Keynes Against Capitalism: His Economic Case for Liberal Socialism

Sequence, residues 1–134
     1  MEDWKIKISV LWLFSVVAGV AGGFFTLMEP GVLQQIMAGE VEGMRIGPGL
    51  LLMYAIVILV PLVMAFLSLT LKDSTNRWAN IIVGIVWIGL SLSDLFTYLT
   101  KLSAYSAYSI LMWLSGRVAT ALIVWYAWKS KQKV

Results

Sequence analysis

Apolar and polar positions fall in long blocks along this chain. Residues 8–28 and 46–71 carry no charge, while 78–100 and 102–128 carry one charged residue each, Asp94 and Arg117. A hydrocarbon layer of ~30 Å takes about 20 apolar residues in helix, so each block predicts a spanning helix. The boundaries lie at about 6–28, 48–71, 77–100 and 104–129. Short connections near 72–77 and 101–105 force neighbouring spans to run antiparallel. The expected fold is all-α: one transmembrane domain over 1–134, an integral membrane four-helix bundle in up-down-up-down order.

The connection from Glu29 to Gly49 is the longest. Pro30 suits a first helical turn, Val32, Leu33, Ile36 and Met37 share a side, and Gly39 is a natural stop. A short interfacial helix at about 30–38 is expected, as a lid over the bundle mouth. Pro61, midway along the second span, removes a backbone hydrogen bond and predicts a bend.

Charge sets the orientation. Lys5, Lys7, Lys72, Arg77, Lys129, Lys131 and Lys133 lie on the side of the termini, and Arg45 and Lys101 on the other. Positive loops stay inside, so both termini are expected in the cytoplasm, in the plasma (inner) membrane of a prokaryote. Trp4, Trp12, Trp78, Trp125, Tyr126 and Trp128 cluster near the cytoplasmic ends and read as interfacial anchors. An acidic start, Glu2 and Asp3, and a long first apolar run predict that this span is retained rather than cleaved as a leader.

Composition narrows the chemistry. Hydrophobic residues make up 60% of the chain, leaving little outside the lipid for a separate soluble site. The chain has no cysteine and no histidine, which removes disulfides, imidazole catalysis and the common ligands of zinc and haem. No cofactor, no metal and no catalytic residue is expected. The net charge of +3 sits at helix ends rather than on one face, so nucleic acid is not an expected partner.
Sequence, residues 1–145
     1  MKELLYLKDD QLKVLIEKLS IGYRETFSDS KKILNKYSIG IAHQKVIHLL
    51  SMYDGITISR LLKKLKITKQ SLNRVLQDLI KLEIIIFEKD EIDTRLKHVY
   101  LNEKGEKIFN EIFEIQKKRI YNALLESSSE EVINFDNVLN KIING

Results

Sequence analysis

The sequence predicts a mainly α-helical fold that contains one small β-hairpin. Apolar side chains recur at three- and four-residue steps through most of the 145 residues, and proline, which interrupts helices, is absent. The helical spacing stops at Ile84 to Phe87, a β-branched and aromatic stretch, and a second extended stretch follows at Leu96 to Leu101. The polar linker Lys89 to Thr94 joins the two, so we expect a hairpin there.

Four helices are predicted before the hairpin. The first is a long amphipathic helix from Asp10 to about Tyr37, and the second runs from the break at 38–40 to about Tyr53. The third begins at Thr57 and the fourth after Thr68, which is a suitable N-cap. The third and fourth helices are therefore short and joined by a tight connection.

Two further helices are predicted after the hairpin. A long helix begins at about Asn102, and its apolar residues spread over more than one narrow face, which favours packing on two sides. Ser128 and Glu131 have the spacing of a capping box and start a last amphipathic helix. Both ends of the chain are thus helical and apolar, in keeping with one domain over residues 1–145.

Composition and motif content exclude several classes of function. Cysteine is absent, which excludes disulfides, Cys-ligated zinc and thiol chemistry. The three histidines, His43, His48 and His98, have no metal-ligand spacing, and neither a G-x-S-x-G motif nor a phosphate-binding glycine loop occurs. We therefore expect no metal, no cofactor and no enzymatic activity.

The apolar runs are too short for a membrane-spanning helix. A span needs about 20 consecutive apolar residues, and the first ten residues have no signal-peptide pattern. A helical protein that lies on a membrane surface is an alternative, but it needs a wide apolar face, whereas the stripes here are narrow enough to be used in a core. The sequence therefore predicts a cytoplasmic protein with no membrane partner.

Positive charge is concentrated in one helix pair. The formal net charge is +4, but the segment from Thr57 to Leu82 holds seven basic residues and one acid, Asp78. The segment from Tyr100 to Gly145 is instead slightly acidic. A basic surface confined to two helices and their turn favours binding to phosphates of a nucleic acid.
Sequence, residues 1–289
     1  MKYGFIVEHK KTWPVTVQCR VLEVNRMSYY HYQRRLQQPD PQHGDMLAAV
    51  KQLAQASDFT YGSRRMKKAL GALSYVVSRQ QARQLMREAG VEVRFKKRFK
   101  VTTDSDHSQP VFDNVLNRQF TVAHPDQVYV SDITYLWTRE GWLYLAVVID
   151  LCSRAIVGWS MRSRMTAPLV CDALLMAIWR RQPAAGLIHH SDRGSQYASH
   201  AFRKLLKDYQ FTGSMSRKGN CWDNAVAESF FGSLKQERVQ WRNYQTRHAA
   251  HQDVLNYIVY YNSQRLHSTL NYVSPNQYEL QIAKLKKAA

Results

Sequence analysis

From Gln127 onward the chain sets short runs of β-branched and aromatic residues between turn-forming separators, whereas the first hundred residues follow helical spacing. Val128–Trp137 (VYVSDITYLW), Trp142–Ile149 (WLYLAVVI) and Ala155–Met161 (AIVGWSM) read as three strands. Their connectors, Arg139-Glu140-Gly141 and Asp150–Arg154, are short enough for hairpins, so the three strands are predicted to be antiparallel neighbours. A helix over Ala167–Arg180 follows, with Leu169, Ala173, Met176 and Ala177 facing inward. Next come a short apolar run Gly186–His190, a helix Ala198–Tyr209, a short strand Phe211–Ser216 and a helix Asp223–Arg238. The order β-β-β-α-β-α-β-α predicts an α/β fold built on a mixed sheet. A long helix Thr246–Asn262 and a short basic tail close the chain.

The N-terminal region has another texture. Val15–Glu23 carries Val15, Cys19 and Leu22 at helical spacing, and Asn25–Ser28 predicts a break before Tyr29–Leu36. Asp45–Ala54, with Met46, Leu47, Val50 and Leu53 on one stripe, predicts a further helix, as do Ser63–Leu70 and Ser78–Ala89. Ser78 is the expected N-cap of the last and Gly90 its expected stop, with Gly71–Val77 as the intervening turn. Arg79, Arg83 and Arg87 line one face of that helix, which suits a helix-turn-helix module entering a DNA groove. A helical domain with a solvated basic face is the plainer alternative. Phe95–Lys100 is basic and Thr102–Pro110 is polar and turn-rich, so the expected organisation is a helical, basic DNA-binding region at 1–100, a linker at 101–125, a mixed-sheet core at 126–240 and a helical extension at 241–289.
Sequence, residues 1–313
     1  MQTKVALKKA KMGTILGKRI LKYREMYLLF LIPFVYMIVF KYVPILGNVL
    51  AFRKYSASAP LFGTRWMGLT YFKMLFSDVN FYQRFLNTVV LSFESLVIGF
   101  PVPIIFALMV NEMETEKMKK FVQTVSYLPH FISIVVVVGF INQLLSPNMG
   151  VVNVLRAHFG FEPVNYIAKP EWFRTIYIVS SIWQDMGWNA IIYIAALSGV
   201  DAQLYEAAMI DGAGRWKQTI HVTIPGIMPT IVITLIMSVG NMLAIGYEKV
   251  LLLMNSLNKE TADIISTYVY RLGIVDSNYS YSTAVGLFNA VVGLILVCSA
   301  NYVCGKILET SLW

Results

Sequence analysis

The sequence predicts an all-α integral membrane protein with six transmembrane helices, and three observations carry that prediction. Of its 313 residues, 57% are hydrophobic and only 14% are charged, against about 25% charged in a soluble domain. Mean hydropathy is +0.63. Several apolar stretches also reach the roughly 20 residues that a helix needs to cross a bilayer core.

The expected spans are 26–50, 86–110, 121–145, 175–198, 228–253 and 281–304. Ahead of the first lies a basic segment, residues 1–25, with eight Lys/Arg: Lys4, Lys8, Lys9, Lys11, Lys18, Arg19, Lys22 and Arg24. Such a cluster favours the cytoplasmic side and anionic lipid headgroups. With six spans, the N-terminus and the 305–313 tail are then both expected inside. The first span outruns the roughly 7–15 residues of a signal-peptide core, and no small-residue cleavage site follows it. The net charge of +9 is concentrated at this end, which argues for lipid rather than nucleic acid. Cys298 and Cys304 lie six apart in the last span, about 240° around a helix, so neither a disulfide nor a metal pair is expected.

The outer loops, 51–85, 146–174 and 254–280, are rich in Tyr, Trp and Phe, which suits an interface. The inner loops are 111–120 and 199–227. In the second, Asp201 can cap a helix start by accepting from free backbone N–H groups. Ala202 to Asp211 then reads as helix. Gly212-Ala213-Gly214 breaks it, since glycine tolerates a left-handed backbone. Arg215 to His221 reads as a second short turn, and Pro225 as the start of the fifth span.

Keynes is one of the most important and influential economists who ever lived. It is almost universally believed that Keynes wrote his magnum opus, The General Theory of Employment, Interest and Money, to save capitalism from the socialist, communist, and fascist forces that were rising up during the Great Depression era. This book argues that this was not the case with respect to socialism. Tracing the evolution of Keynes's views on policy from WWI until his death in 1946, Crotty argues that virtually all post-WWII Keynesian economists misinterpreted crucial parts of Keynes's economic theory, misunderstood many of his policy views, and failed to realize that his overarching political objective was not to save British capitalism, but rather to replace it with Liberal Socialism. This book shows how Keynes's Liberal Socialism began to take shape in his mind in the mid-1920s, evolved into a more concrete institutional form over the next decade or so, and was laid out in detail in his work on postwar economic planning at Britain's Treasury during WWII. Finally, it explains how The General Theory provided the rigorous economic theoretical foundation needed to support his case against capitalism in support of Liberal Socialism. Offering an original and highly informative exposition of Keynes's work, this book should be of great interest to teachers and students of economics. It should also appeal to a general audience interested in the role the most important economist of the 20th century played in developing the case against capitalism and in support of Liberal Socialism. Keynes Against Capitalism is especially relevant in the context of today's global economic and political crises.